• Impacts on Search Engine Optimization
  • Practical Objectives

    You will learn about creating standards compliant web sites and recognize the application of the concepts shown in the Theoretical Objectives.

    Prerequisites

    Prior experience authoring in HTML 4 is required, CSS or visual design is an asset but is not required.

    Knowledge of the following will be very helpful:

    • Cascading Style Sheets (CSS) for styling page elements
    • CSS for page layout
    • JavaScript

    Access to the internet is required to complete assignments.

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    HTML 5

    Coming Soon
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    Course Evaluation Form

    Contents

    Leverage your understanding of HTML 4.01 and build on it with the new capabilities in HTML 5 with support for multimedia, new forms controls, local offline storage, and geolocation. This course is a fast paced, conceptual overview for decision makers, team leaders, and people who need to know how HTML5 is relevant now, and what aspects will be relevant later. This is an exploration of the new HTML5 elements and capabilities, compatibility issues and concerns about where HTML is going and how HTML5 will shape the future. For an in-depth, workshop oriented course please see: HTML5 Part I (link coming)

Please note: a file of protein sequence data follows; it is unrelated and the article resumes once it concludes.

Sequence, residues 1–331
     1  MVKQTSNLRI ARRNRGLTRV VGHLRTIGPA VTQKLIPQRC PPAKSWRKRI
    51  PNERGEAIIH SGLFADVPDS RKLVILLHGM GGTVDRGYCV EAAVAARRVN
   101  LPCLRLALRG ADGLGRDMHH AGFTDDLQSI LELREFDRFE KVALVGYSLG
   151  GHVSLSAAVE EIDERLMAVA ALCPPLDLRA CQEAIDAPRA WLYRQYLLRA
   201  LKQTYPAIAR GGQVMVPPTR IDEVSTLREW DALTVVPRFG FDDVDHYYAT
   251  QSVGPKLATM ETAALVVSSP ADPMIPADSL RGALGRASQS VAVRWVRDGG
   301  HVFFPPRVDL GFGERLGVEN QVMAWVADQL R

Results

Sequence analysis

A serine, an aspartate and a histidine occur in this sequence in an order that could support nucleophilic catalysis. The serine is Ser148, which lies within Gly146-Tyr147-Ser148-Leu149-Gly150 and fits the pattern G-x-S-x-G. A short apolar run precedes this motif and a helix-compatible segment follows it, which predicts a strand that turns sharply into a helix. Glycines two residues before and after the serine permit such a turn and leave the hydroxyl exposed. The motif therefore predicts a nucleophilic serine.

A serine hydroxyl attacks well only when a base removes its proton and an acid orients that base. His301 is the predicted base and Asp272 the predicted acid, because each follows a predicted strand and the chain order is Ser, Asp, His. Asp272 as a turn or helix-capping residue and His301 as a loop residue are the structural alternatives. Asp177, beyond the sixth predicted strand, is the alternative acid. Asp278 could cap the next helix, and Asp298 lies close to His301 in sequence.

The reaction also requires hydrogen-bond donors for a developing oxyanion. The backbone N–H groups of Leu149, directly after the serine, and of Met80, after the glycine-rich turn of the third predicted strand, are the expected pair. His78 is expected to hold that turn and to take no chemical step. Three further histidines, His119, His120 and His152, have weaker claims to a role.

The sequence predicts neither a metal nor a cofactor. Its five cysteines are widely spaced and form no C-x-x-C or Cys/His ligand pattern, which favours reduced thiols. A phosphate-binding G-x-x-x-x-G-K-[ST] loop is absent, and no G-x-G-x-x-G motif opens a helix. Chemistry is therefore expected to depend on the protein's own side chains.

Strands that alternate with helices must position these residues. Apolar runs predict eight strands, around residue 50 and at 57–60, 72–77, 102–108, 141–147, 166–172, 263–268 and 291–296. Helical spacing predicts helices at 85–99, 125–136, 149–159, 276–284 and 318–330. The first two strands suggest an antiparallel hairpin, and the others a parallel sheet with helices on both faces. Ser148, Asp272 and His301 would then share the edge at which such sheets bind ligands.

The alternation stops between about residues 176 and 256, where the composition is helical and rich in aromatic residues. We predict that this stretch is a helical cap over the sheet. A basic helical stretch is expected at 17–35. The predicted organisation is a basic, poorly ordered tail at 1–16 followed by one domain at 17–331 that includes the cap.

Prerequisites
    • Fundamentals of HTML (4). Prior exposure to JavaScript and Cascading Style Sheets would be very helpful but is not required for this course.